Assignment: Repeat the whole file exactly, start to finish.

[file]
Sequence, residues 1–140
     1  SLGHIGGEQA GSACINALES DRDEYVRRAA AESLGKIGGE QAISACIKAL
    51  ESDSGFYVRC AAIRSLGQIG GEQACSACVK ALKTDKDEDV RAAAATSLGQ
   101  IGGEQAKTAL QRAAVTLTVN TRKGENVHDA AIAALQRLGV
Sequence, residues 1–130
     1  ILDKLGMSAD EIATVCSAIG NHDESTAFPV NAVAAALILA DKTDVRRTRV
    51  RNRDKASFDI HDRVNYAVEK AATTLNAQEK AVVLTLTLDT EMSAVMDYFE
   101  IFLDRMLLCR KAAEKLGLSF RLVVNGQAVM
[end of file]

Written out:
Sequence, residues 1–140
     1  SLGHIGGEQA GSACINALES DRDEYVRRAA AESLGKIGGE QAISACIKAL
    51  ESDSGFYVRC AAIRSLGQIG GEQACSACVK ALKTDKDEDV RAAAATSLGQ
   101  IGGEQAKTAL QRAAVTLTVN TRKGENVHDA AIAALQRLGV
Sequence, residues 1–130
     1  ILDKLGMSAD EIATVCSAIG NHDESTAFPV NAVAAALILA DKTDVRRTRV
    51  RNRDKASFDI HDRVNYAVEK AATTLNAQEK AVVLTLTLDT EMSAVMDYFE
   101  IFLDRMLLCR KAAEKLGLSF RLVVNGQAVM